From Library Journal
Mixing personal reminiscences with cultural history, Brans, an award-winning journalist and nonfiction author, takes readers on a culinary tour of American cuisine. Her book is a warm and personal tale of American cookery told from the viewpoint of a typical American. The culinary fare of Brans's itinerary, which chronicles the growing sophistication of the American palate over the last 40 years, ranges from her mother's down-home Southern cooking to Betty Crocker, Julia Child, nouvelle cuisine, and feasts and pigouts in New York City. While not a book of recipes, her book is certainly a culinary aperitif that will whet the appetite of many gourmand readers. For public libraries.- Michael A. Lutes, Univ. of Notre Dame Lib., Ind.
Copyright 1993 Reed Business Information, Inc.
From Kirkus Reviews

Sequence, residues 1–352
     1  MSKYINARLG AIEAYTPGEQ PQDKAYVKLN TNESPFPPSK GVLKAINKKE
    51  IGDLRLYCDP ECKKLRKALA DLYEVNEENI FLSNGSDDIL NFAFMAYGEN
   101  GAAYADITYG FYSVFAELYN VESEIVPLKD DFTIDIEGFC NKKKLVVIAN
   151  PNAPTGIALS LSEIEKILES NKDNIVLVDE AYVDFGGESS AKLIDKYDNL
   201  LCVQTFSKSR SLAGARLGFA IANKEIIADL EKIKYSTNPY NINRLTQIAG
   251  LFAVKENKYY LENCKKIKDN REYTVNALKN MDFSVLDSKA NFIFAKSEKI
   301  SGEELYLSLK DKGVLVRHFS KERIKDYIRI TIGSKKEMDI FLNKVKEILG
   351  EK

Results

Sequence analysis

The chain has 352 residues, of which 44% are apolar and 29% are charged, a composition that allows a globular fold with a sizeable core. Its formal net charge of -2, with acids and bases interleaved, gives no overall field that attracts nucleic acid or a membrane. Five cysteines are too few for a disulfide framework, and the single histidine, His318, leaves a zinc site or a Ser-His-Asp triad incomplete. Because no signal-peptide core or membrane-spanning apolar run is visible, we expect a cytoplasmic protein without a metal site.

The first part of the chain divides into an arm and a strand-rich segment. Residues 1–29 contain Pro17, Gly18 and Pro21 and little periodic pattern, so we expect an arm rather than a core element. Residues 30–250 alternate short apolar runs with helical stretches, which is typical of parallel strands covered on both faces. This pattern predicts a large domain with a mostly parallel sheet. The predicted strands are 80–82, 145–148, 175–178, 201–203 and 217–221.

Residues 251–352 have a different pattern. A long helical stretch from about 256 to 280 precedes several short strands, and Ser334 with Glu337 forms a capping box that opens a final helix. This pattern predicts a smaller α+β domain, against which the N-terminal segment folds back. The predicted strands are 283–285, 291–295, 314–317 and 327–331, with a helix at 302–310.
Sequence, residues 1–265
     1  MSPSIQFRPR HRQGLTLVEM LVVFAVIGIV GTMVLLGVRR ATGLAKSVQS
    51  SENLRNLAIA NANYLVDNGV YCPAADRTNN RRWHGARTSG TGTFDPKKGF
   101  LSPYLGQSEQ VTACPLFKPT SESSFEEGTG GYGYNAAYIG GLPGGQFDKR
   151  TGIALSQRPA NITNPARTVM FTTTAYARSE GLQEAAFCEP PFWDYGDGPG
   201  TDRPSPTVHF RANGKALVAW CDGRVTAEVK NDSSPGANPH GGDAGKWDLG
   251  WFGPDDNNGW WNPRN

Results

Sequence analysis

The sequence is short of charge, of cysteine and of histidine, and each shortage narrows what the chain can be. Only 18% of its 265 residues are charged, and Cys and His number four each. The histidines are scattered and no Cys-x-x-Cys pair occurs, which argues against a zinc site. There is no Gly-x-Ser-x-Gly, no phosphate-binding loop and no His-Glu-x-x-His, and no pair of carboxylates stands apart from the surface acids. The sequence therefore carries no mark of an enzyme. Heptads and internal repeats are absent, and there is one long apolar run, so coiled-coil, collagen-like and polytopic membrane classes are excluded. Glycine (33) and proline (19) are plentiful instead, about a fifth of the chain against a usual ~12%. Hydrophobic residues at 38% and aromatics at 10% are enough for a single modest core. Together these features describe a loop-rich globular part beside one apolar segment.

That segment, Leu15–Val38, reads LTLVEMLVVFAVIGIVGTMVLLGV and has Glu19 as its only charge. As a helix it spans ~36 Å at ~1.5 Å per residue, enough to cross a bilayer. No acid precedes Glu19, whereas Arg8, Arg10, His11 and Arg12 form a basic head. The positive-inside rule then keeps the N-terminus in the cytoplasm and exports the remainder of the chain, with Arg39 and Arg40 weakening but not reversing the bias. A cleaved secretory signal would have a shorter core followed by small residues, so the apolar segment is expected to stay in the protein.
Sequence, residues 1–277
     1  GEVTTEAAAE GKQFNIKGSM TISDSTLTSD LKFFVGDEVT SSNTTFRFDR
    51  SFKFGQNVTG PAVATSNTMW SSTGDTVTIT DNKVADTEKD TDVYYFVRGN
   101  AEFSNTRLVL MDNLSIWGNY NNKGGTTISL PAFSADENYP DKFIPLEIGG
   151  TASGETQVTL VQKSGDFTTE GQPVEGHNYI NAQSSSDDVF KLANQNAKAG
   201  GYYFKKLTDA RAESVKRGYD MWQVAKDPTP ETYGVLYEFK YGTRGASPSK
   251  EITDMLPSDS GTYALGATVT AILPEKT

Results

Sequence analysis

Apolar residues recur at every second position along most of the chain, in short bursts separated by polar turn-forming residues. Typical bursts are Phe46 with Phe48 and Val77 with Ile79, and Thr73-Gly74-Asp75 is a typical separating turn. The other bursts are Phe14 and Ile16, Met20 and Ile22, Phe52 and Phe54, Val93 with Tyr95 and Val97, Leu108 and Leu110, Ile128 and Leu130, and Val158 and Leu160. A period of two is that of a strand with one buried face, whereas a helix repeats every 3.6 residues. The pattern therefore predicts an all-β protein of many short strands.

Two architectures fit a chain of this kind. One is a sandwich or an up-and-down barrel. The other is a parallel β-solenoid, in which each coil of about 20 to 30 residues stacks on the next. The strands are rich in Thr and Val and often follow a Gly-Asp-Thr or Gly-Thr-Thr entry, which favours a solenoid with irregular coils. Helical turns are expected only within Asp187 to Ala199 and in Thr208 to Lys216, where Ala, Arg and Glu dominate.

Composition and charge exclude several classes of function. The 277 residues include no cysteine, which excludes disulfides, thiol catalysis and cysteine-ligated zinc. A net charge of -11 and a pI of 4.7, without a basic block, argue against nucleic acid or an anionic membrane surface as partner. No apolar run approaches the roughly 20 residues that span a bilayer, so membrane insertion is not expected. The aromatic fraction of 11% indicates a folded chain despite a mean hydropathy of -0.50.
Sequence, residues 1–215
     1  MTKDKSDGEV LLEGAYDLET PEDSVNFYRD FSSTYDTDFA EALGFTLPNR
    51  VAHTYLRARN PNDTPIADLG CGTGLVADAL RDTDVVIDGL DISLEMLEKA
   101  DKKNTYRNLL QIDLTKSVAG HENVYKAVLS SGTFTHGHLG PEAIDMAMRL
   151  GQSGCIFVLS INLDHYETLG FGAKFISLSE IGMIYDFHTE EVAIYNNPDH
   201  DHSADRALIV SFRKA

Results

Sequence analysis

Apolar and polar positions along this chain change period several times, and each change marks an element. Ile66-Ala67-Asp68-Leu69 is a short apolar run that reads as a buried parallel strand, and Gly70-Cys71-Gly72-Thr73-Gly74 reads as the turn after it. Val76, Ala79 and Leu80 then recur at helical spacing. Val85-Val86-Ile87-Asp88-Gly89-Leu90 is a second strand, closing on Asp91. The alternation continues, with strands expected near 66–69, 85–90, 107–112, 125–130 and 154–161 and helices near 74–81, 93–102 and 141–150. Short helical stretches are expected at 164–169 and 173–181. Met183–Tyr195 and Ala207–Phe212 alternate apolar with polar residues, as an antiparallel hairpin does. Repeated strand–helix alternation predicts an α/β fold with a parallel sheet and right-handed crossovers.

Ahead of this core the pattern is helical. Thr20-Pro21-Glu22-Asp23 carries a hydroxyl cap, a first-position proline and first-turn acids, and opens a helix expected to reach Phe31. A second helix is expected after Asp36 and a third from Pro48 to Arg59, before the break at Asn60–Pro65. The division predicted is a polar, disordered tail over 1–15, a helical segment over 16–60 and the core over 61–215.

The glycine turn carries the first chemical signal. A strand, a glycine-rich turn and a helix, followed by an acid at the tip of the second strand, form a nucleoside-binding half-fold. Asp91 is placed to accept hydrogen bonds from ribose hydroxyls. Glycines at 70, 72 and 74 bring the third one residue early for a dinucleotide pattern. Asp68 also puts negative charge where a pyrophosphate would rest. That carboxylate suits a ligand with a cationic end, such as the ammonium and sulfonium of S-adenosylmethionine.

Brans (Take Two, 1989, etc.) turns here to culinary autobiography but lacks the personality or style to make a unique mark. The author proceeds from Mother's good plain cooking (``her meringues rose sky high'') to cooking on her own with Betty Crocker, then with James Beard's Hors d'Oeuvres and Canaps (``Beard taught me that cream cheese goes with everything''), Julia Child (``I cuisined up a storm....Quel fun''), and The Silver Palate pair, about whom she gushes for a long chapter. Brans often strays from eating to characterizing the various stages of her life, such as the time she spent as a happily married ``beatnik,'' but she never gets beyond generalization--and in one sentence she's unaccountably divorced and remarried...and on to more eating adventures. Between accounts of her own experiences are anecdotes of other people, collected through a questionnaire she sent out to acquaintances (``What memorable experiences did you have at the table as a child?''), but they too fail to sparkle in the reading or add up to any point. The author's ostensibly mildly ironic tone throughout seems modeled on that of Jane and Michael Stern, but it hasn't their sly wit or sensibility. From her corny declaration of a childhood love for Wonder Bread (``Our bread of choice was Wonder, and it was Wonderful'') to her closing raptures over lunch at Bouley (number one in Zagat) during last summer's $19.92 special, Brans fails to entertain with any fresh observations on food or foodies or to rise above the generally banal level of the genre. -- Copyright ©1993, Kirkus Associates, LP. All rights reserved.